A win can be a win, surely. Yet a win can also be a loss. There will be a "winner" and a "loser" in Pennsylvania's primary on Tuesday -- or maybe two winners and two losers (or even three losers, if you count Bill Clinton).
Here's an easier way: As voters matter again -- this six-week pause in voting (if not spinning) finally comes to an end with Tuesday's primary -- all you need to know about the race you can learn by watching the delegates, in all their various forms.
Sen. Hillary Rodham Clinton, D-N.Y., may claim to be a hunter -- and she's after an elusive target. Pennsylvania is the biggest prize left on the Democratic calendar: 158 pledged delegates will be allocated in a state with 4.2 million Democrats -- including some 300,000 who have switched party affiliation or registered for the first time.
And another audience is more important: the undecided superdelegates. They'll be watching Tuesday's results on several levels -- for winners and losers (whatever that means), demographic breakdowns that speak to electability (whatever THAT means), and expressions of voter sentiment (politicians generally like keeping their jobs).
"The future of Mrs. Clinton's campaign [is] most likely resting on the outcome," Jeff Zeleny and John M. Broder write in The New York Times.
"Even a wide victory by her would not overcome her deficit in pledged delegates or in the popular vote of states that have held nominating contests, but it would ensure that the race moved on to contests in Indiana and North Carolina in two weeks, on May 6."
Clinton is favored to win her must-win state, but that outcome by itself will be a quick-hit energy boost when what she needs is a healthier long-term campaign lifestyle to overtake the clear frontrunner, Sen. Barack Obama, D-Ill.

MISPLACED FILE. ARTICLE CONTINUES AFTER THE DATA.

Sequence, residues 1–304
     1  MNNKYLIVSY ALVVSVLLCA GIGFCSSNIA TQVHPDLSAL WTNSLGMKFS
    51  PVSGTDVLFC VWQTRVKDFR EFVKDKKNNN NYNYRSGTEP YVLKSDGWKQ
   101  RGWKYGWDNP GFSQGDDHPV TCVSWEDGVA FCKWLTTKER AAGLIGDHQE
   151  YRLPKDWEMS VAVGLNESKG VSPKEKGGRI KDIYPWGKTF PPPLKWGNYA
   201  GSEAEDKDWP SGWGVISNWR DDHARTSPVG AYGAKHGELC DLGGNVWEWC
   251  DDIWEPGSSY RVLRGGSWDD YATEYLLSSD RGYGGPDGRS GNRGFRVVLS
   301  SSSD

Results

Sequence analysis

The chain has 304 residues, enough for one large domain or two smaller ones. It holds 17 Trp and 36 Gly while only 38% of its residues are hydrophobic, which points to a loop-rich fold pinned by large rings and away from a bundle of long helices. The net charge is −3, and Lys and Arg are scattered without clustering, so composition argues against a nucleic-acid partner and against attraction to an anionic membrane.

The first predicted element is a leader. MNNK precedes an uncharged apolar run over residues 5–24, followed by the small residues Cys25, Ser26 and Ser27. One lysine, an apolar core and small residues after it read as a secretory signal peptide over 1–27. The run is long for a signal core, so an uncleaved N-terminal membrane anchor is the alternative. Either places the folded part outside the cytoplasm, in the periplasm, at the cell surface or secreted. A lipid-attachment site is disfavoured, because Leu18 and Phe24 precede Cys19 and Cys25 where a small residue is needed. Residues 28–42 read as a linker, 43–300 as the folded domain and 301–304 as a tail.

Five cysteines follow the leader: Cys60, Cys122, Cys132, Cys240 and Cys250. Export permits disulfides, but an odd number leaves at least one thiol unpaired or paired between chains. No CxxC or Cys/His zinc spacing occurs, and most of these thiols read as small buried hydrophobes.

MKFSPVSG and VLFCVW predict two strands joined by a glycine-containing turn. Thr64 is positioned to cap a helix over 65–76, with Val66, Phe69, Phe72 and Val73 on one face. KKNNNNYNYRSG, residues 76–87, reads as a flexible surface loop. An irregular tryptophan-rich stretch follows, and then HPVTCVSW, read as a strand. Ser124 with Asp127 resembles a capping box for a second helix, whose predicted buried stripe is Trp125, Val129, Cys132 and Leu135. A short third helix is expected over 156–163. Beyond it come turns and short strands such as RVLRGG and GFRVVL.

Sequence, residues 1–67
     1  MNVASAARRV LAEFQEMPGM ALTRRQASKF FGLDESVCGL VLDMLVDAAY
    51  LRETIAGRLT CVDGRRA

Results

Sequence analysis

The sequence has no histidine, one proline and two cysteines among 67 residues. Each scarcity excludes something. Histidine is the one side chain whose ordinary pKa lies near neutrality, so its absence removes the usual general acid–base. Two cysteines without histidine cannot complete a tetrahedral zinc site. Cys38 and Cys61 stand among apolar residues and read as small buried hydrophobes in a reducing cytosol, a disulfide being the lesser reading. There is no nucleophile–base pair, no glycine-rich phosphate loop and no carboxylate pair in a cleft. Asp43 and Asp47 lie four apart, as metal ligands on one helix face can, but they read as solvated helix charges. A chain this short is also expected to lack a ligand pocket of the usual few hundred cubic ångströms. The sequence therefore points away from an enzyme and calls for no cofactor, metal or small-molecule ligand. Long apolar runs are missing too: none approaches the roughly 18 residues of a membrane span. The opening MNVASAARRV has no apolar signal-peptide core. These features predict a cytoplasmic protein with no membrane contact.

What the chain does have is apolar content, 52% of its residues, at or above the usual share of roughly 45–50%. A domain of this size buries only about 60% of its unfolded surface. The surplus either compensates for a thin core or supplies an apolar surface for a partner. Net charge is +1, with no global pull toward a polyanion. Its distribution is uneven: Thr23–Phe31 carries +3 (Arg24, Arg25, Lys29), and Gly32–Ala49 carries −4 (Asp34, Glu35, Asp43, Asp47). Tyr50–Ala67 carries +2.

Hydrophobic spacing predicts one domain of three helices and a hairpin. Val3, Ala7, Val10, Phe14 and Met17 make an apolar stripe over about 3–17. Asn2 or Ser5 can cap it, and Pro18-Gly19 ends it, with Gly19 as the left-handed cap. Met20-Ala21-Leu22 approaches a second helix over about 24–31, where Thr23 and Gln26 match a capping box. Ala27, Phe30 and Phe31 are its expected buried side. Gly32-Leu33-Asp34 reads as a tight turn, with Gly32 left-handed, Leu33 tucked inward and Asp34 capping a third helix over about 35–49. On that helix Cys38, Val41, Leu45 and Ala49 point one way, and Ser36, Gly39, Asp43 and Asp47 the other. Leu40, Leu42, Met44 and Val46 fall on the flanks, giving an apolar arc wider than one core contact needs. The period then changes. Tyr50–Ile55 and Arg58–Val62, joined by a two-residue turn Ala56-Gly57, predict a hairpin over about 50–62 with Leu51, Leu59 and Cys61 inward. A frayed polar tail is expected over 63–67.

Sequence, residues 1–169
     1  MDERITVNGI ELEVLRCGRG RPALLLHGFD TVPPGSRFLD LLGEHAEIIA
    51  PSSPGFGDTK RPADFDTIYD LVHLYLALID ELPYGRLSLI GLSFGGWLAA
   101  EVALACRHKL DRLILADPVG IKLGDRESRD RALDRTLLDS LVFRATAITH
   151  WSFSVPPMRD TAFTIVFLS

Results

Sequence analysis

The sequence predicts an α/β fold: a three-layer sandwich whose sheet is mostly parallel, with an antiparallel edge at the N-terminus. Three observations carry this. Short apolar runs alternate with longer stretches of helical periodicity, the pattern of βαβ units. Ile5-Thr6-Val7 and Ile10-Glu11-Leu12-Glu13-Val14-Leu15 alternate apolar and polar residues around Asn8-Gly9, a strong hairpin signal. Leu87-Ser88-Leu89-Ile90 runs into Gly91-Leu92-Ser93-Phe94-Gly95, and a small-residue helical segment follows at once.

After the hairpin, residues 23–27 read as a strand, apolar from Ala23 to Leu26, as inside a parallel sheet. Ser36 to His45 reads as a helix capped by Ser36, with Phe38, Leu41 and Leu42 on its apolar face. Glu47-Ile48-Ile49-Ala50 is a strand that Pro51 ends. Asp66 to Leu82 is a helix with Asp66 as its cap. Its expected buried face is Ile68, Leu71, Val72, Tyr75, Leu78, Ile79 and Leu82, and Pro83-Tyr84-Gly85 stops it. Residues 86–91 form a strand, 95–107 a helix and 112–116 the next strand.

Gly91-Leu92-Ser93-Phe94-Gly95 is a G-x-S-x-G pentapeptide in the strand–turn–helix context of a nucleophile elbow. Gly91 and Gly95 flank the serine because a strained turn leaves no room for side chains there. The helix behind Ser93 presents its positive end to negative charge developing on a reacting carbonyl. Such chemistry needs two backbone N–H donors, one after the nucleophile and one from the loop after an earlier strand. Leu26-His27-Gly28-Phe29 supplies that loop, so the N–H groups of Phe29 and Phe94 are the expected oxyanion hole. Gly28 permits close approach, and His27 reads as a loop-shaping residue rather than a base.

"The margin in the popular vote ultimately will be secondary to how Pennsylvania affects the battle for pledged delegates," Dan Balz writes in The Washington Post. "Clinton badly needs to make up ground in the delegate fight and, given the way they're distributed, that could be difficult."
Obama comes into the voting with an edge of 145 delegates, per ABC's delegate scorecard, and proportional allocation means that the lead is unlikely to shrink substantially on Tuesday.
And how will voters and delegates view this final flash of the two edges that are Bill Clinton's sword? Asked about his infamous Jesse Jackson comments in South Carolina, the former president tells WHY, "I think that they played the race card on me. And we now know, from memos from the campaign and everything that they planned to do it all along."
"I was stating a fact, and it's still a fact," he adds, referring to Obama's support among black voters. (And beware the open mic -- and open-ended questions like this one, Mr. President: As the phone interview ends, Bill Clinton says, "I don't think I should take any sh-t from anybody on that, do you?")
Obama did what he could (and then some) to downplay expectations. Said Obama: "I'm not predicting a win. . . . I'm predicting that it's going to be close and that we are going to do a lot better than people expect." Said chief strategist David Axelrod: "I am not standing here telling you we expect to win. . . . I don't think anybody expects us to win."